Both the overall orientation and some of the specific practices associated with unorthodox therapies are con­sistent with the popular contemporary focus on physical fitness, proper nutrition, and improved mental attitude. The practices are also consistent at some level with con­ventional medicine's emphasis on environmental causes of cancer, with established conclusions that ". . . a num­ber of dietary variables may contribute to the develop­ment of human cancers" (25), and with media reports that "the Federal Government is putting new emphasis on research aimed at preventing cancer through dietary means . . ." (26). Further, similar to the contemporary experience in England (27), currently popular unortho­dox methods are not entirely repudiated by conventional­ly trained physicians: 60% of unorthodox practitioners in this sample are physicians; and 30% of patients' conven­tional physicians supported the use of alternative treat­ments.

Intrinsic to the belief in unorthodox therapies is that conventional cancer treatments weaken the body's re­serve, inhibit the capacity for cure, and misguidedly ad­dress the symptom (cancer) rather than the underlying systemic disorder. Nevertheless, only a small group of patients studied (8%) had refused to receive any conven­tional treatment, and 60% of patients who added unor­thodox regimens remained on conventional therapy as well. The notion of noncompliance, traditionally used to describe patients who fail to follow physicians' orders, does not accurately encompass the behavior of this pa­tient population. Most of these patients continue treat­ment as prescribed, and many physicians are supportive or neutral, if not actually involved, in today's alternative therapies.

Because most contemporary unorthodox practices seek to correct or prevent underlying systemic deficiencies, pa­tients with cancer represent only a segment of their clien­tele. Patients with diabetes, arthritis, neurologic degener­ative disorders, and other chronic illnesses, as well as healthy persons hoping to prevent disease, also use alter­native programs. Consequently, the health-care and eco­nomic implications of today's unorthodox therapies are vast.

This study shows that many patients receiving alterna­tive care do not conform to the traditional stereotype of poorly educated, terminally ill patients who have ex­hausted conventional treatment. Similarly, although some unorthodox practitioners may well fit the charac­teristic portrait of quacks and charlatans (3, 4, 28-30), many are well-trained, few charge high fees, and most, on the basis of patients' views and our own observations, sincerely believe in the efficacy and rationality of their work.

Contemporary alternatives, unlike the pills and potions of the past, are long-term, lifestyle-oriented options that exist within a broad view of health and personal responsibility. Patients welcome the self-care role and the con­comitant responsibility to attain health. However, it may be assumed that a burden of guilt is associated with the corollary responsibility for having caused their own dis­ease.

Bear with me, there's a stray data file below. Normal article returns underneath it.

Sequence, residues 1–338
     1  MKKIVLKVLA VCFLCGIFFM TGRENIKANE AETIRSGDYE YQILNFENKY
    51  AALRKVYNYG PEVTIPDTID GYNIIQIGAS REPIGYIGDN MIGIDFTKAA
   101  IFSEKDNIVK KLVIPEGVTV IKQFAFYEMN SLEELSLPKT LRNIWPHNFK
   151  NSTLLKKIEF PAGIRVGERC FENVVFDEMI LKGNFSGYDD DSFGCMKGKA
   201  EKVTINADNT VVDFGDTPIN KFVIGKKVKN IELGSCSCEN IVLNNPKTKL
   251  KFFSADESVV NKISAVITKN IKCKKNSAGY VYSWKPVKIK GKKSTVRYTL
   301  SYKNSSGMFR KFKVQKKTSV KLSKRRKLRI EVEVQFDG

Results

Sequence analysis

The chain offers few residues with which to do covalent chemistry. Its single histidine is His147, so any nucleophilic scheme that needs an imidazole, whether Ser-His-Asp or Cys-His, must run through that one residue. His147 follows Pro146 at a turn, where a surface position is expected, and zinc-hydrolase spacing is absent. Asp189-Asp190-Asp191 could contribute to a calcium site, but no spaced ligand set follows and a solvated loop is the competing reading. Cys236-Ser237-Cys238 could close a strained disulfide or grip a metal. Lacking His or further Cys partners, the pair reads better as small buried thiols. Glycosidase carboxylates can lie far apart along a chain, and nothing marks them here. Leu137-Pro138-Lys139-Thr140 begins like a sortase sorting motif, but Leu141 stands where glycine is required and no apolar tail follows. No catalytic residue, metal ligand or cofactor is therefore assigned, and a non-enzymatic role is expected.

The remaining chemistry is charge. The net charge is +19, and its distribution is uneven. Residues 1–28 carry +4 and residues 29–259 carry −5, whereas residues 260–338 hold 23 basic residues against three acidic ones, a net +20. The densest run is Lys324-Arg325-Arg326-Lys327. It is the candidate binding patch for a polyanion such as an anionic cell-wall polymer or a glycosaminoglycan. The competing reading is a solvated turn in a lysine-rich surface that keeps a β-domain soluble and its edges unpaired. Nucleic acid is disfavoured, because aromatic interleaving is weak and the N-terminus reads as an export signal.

When patients move toward alternative treatments, they are simultaneously moving away from perceived de­ficiencies in conventional care. The quality of patients' relationships with their physicians was related inversely to their propensity to seek unorthodox care. Some of what unorthodox therapy has to offer is not available in the conventional context: simple explanations of the cause of disease based on common experience (eating, elimination, emotional and spiritual stress); remedies that are pleasant for the most part and that are usually free of physical side effects; and therapy based in the home rather than hospital.

Other features to which patients gravitate are avail­able, at least potentially, within the conventional treat­ment framework. These features include the opportunity for patients to participate actively in their own care; the inclusion of nutritional and dietary factors, which pa­tients read about in their daily newspapers; and the op­portunity for patients to develop a sustaining relationship with a primary physician whom they perceive to be caring and involved.

The emphasis of unorthodox therapy on nutrition, health as a personal responsibility, pollution, and purifi­cation has religious and moral overtones, but also repre­sents themes of great importance not only to patients, but to science and society as well. As such, unorthodox ther­apy is unlikely to be readily discarded.

ACKNOWLEDGMENTS: The authors thank the research assistants, primarily premedical and medical students, who conducted interviews with patients and who researched particular unorthodox therapies and groups: Stuart Berman. Lorraine Brown, Gene Caine, Glenn Currier, Dom Denigris, Marc Dickstein, Marci Epstein, Cindy Fader, Lon Fritz, Richard Flohr, Lynn Gildiner, Nancy Greces, Mark Hibberd, Jeffrey Isenberg, Marcia Mockler, Marion Michaels, David Miller, Carolyn Revercomb, David Sable, Sharon Silow, James Slater. Alan Tenaglia, Bruce Zangwill, and Lori Zuker­man, Clifford Miller and Juao Neves for computer programming; Susan Davis and Sheila Glover for manuscript preparation; and the many patients and practitioners of all persuasions who gave generously of their time and opinions.

Grant support: in part by grant CA31147 from the National Cancer Insti­tute, and by the W. W. Smith Charitable Trust.

4 Requests for reprints should be addressed to Barrie R. Cassileth, Ph.D.; Director, Psychosocial Programs. University of Pennsylvania Cancer Cen­ter. 7 Silverstein Pavilion, 3400 Spruce Street: Philadelphia, PA 19104.